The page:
There’s a lot to consider when choosing the best corporate structure for your startup. Should you choose an LLC? What are the differences between a C-corp and an S-corp? While all options have their pros and cons, for the most part, startups should decide to incorporate as C-corporations. This holds especially true if your startup will:

  1. Accept venture funding
  2. Issue numerous and various stock options to investors and employees
  3. Grant equity
  4. Ultimately go public or be acquired

Here’s why incorporating as a C-corp is the golden rule for startups.

If You Want to Grant Equity to Employees

By deciding to register as a C-corporation, it is much easier to reserve shares of company stock for current and future employees. With a business entity like an LLC, providing future employees with equity is much more difficult, writes startup lawyer Doug Bend. Since LLC partners own 100 percent of the business, they would have to sell part of their personal shares to a new employee in order to grant him or her equity. This could trigger capital gains taxes or other financial and legal complications.

If you Want to Raise Venture Capital

Investors seek out startups that are organized into C-corporations for three main reasons:

  • Preferred shares. C-corporations are allowed to issue “preferred shares” of stock in order to raise financing. This class of stock gives special rights to investors, such as anti-dilution protection, conversion rights and the power to elect the startup’s board of directors. LLCs and S-Corps cannot create “preferred shares” for investors.
  • Stockholder rules. C-corporations allow venture capital firms the most legal flexibility when it comes to investing. Because some VCs manage public funds, they are barred from investing in LLCs. And since most venture capital firms are organized as limited partnerships, they are restricted from investing in S-corporations, which require “natural persons” as investors. S-corps also only allow a maximum of 100 stockholders, which limits growth. Thus, by investing solely in C-corporations, VCs can avoid numerous legal entanglements and complications.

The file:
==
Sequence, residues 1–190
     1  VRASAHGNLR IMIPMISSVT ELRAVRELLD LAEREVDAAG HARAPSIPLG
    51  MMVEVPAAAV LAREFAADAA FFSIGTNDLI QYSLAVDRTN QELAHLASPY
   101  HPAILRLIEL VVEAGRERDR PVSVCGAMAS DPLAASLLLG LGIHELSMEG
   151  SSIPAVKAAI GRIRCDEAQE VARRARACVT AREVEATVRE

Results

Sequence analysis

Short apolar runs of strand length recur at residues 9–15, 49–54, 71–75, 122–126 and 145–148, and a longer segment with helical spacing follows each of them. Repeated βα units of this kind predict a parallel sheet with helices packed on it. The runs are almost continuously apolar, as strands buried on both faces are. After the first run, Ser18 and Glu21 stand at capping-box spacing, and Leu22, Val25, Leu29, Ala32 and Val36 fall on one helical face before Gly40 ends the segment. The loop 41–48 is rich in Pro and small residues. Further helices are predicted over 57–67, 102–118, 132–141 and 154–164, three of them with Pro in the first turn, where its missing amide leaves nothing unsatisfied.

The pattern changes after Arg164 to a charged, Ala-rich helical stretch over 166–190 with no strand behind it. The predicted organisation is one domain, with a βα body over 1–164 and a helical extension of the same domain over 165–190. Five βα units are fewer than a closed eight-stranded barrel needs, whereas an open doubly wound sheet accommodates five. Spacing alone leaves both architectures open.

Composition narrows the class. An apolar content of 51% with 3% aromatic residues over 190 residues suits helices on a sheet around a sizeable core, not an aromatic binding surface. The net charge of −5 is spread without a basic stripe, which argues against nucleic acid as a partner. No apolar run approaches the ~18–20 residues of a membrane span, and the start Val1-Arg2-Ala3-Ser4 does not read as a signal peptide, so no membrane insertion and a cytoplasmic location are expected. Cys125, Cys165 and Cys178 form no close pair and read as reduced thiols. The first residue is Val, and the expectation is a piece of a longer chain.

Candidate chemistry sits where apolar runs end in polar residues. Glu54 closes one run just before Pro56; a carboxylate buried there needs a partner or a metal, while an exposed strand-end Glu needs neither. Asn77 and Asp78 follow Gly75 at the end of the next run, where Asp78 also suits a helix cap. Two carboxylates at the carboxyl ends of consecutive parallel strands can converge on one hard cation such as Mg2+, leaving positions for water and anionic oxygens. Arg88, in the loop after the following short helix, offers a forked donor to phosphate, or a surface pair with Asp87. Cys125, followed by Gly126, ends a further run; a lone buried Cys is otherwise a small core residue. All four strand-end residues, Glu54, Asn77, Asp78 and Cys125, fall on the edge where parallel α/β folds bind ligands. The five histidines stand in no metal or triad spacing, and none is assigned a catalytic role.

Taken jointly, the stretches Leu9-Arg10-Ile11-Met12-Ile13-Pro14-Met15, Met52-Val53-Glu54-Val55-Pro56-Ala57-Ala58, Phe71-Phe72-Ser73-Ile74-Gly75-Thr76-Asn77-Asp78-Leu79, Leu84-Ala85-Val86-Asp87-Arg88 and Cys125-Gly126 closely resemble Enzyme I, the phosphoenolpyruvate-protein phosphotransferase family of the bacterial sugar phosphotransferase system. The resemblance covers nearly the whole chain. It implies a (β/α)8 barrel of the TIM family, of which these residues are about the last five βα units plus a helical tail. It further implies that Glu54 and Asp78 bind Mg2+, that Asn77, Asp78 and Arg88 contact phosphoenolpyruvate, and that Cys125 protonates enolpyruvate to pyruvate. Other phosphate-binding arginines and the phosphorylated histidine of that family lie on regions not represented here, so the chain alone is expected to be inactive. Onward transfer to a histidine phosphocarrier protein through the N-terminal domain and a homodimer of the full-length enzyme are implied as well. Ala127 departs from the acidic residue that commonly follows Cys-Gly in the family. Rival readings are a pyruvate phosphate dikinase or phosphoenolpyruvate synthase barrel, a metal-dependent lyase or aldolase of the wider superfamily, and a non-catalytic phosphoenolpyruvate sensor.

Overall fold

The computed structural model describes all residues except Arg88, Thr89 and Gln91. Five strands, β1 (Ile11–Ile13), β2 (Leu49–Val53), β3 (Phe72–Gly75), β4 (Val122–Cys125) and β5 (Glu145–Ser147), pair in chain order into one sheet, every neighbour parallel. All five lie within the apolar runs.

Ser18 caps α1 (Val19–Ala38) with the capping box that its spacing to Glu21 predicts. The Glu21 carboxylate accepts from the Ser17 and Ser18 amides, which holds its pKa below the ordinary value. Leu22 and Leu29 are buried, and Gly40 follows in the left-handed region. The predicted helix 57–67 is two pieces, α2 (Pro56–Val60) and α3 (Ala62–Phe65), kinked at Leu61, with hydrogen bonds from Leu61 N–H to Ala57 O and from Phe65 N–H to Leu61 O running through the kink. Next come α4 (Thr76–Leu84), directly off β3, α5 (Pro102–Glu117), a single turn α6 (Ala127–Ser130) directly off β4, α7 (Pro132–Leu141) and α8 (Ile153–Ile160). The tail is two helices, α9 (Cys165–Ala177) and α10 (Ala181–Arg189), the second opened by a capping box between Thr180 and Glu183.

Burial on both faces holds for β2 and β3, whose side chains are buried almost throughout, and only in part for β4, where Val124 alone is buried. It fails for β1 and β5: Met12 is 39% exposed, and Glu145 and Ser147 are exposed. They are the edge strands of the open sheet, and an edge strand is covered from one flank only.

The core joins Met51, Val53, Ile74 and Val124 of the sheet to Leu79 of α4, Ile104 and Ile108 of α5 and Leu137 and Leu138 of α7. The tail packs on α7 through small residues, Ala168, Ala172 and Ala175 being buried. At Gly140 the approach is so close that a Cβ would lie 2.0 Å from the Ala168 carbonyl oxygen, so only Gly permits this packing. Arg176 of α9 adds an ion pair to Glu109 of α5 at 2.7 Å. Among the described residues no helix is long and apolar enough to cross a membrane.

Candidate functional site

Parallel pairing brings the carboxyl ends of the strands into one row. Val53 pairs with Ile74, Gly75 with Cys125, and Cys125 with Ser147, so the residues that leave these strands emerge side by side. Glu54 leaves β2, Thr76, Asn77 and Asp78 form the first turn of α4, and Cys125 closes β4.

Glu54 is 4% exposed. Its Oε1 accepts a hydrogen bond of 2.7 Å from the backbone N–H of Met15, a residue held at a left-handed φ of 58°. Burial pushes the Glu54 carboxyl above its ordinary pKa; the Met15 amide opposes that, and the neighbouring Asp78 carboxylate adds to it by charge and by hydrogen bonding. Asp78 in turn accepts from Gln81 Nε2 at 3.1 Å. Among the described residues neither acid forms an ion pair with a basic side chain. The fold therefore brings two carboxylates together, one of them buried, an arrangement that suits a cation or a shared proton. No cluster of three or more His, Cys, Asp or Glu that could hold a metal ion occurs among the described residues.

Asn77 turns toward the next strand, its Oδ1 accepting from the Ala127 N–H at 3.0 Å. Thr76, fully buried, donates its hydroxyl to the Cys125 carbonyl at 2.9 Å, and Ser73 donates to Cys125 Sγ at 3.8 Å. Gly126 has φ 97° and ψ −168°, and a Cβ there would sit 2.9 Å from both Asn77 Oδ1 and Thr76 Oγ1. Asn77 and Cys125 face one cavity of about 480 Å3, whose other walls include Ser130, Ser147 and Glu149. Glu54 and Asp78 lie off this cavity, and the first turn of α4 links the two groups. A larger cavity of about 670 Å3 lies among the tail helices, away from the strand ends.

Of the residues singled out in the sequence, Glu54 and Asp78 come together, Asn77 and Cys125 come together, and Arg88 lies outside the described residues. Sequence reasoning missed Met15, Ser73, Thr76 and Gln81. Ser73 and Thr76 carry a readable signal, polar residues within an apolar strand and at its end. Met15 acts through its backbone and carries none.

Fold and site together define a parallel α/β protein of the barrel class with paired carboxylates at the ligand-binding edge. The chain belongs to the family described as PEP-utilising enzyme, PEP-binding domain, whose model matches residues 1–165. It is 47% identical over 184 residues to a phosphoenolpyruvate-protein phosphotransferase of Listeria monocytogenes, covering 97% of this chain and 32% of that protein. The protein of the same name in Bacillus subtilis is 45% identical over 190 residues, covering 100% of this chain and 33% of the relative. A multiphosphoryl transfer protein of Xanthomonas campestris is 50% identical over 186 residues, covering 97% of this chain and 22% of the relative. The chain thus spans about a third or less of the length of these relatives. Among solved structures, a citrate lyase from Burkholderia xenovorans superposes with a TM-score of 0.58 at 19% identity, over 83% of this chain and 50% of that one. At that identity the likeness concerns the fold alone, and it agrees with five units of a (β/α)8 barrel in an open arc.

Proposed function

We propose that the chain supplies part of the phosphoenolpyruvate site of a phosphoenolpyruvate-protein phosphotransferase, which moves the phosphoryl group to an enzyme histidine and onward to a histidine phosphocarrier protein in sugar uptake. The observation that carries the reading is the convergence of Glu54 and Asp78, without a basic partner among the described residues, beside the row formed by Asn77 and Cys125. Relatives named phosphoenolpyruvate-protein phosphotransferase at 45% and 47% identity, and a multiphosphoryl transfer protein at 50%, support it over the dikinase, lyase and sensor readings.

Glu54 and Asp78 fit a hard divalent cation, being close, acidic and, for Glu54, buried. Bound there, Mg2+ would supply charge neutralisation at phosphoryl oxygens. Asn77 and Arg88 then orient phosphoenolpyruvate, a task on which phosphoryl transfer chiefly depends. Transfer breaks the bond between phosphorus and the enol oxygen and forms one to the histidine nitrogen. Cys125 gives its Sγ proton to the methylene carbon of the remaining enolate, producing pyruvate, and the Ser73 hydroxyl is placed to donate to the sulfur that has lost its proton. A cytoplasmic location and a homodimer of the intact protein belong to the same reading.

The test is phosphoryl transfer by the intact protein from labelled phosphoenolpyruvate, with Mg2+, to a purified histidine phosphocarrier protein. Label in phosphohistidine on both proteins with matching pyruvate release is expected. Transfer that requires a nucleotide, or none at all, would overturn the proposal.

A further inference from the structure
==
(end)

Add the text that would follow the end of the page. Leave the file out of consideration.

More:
• Taxation. C-corporations have no pass-through tax. LLCs and S-Corporations, however, are not taxed as entities, and company income taxes pass-through to its owners. That means investors could be on the hook for a company tax bill, even if they received zero distributions from the startup, says Invigor Law Group partner Kyle Hulten.

If You Want to Join a Startup Accelerator

You might be considering joining a startup accelerator or incubator to get your business off the ground. Often, these programs view incorporating as a C-corporation as an indication that you are business savvy and ready to begin, writes Bend. Also, many accelerators and incubators take equity in exchange for acceptance, and being a C-corp makes it simpler to distribute shares of your startup.

If You Want Ownership Flexibility

As opposed to an LLC or S-corp, structuring your startup as a C-corp provides you and your startup owners the most flexibility. S-Corps have more stringent rules about who can be owners. As mentioned previously, owners of S-Corporations must be “natural persons” and there cannot be more than 100 of them. They must also be United States residents.

While LLCs do not have such restrictions, LLC owners do not have different ownership options like C-corp owners do, such as dividend participation, liquidation preferences and voting rights, writes financial planning attorney Steve Parrish.

If You Want the Most Growth Potential

From attracting talent to finding investors, incorporating as a C-corporation provides startups with more potential for growth. If you’re serious about structuring a C-corporation, consider doing it in Delaware. Its legal system is attractive to investors and is usually the best place to form a C-Corp. Learn more here.

Once you’re ready to incorporate, post your job for free and get several proposals from expert UpCounsel business formation attorneys who can help you today.

 

Photo: “C-Corporation Basics,” by Aaron George, as seen in LawKick, Inc.

About the author

Alex Liu

Alex Liu

Alex began his career as a scientific legal consultant and then as a journalist researching and reporting on health policy and health sciences. At UpCounsel, he enjoys researching and analyzing data to help businesses make informed decisions. In his free time, Alex is working on a documentary.

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